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The conservative approach to criminal justice:
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There’s Good Opportunity to Use Alternatives for Nonviolent Offenders.

| January 31, 2018

“There’s good opportunity to use alternatives for nonviolent offenders.” These are the words of Tony Parker, Commissioner of the Tennessee Department of Corrections (TDOC), during his testimony before the House Criminal Justice Committee Commissioner Parker’s statement was corroborated by five years of statistics condensed into a power point slide that broke down the state’s inmate population by violent vs. nonviolent offenders. Since at least 2013, the majority of the prisoners admitted into DOC custody are serving a sentence for a nonviolent offense. In 2017, the percentage of nonviolent offenders increased to account for 55 percent of the total inmate population.

The purpose of Commissioner Parker’s testimony was to highlight the TDOC’s progress in implementing its mandate under the Public Safety Act of 2016. He explained that the Public Safety Act’s graduated sanction model was designed to reduce the number of new admissions to TDOC for probation violations, particularly technical violations, and that it has already generated significant cost savings to the State to the tune of $22 million. He aptly noted that those returning “are becoming taxpayers not tax consumers.”

However, the Public Safety Act also sought to change the overall focus on to alternatives to incarceration to include low level, nonviolent offenses as well.  Commissioner Parker pointed out that while the Public Safety Act emphasized alternatives to incarceration for nonviolent drug offenders, TDOC’s data does not indicate any such shift having taken place yet because the discretion is not being exercised.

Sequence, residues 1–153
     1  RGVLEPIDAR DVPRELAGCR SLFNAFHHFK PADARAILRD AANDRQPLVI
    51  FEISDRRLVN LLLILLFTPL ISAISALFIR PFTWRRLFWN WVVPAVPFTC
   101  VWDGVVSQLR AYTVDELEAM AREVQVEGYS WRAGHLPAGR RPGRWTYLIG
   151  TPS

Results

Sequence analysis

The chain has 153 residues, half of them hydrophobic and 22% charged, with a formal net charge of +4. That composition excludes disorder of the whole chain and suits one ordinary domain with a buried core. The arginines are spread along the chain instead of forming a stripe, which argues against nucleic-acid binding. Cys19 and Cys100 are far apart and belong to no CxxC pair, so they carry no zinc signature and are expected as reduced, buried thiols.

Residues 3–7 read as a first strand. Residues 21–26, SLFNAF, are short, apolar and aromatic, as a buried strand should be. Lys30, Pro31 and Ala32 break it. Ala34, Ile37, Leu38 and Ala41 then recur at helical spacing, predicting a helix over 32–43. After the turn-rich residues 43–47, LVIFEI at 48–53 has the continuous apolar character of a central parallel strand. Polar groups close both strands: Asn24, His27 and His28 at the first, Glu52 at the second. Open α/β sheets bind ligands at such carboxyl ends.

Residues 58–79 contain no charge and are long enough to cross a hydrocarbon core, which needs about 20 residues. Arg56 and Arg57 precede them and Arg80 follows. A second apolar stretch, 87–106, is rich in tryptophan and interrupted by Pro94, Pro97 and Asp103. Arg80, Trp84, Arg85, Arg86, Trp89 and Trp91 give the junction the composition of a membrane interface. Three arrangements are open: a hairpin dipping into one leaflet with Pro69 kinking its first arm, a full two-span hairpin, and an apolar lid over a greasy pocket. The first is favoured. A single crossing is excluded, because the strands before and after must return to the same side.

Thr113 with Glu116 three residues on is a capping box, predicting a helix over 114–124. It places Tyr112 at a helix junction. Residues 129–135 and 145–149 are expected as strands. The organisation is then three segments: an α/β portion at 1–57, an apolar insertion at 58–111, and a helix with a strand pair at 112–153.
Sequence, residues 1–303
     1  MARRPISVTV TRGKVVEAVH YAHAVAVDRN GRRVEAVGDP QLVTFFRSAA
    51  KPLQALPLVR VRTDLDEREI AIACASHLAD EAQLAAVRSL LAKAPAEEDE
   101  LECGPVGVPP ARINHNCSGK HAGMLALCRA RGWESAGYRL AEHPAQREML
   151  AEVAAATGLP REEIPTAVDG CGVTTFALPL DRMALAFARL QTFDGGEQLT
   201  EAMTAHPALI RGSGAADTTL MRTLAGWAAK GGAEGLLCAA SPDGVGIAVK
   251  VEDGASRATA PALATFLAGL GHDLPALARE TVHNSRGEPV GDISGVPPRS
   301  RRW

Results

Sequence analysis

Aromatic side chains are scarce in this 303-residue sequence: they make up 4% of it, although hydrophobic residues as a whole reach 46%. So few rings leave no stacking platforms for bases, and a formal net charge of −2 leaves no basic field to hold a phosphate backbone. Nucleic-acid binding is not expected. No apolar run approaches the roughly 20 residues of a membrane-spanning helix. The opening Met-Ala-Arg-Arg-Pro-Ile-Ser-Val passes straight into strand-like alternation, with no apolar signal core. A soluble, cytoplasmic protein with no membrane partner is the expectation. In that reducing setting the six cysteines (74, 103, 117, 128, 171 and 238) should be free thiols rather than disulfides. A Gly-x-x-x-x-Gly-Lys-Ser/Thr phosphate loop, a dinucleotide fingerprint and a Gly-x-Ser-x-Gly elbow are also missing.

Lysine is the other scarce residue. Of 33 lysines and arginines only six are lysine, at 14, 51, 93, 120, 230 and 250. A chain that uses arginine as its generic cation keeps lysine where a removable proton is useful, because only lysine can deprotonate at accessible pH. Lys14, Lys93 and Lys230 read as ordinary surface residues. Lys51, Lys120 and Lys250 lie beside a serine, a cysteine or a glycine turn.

The Commissioner is correct. The Public Safety Act expressly calls for the implementation of validated risk needs assessments, in part “to assist the court in deciding whether to sentence an eligible defendant to an available and appropriate community-based alternative to incarceration.” In fact, the court must take into consideration any arguments in favor of sentencing alternatives, as well as “the nature and characteristics of the criminal conduct involved.”  Data from the Administrative Office of Courts indicates that only about 6 percent of drug dispositions actually result in diversion. When reviewed next to TDOC data, it would appear that a significant percentage of these dispositions are nonviolent drug offenses.

It appears that Tennessee’s criminal justice system could benefit from having a degree of legislative scrutiny applied to the court’s refusal to exercise discretion in favor of prison alternatives when appropriate. The courts in particular, must be encouraged to weigh in favor of evidence-based diversion programs whenever validated risk needs assessments indicate nonviolent offenses are driven by mental health or substance issues. The courts should not be able to continue this practice of placing all of the burden onto TDOC, and ultimately, the taxpayer.

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JULIE WARREN is a graduate of Marshall University and of Regent University School of Law. She also attended Georgetown Law Center as a visiting student. While in law school, she clerked on the Senate Judiciary Committee. Julie served four years at the U.S. Department of Justice in Washington, D.C. After a few years in private practice as a civil defense litigator, Julie returned to public service and began her work in the Office of the West Virginia Attorney General where she primarily served as an appellate advocate for the State of West Virginia and as legislative counsel to the Attorney General.

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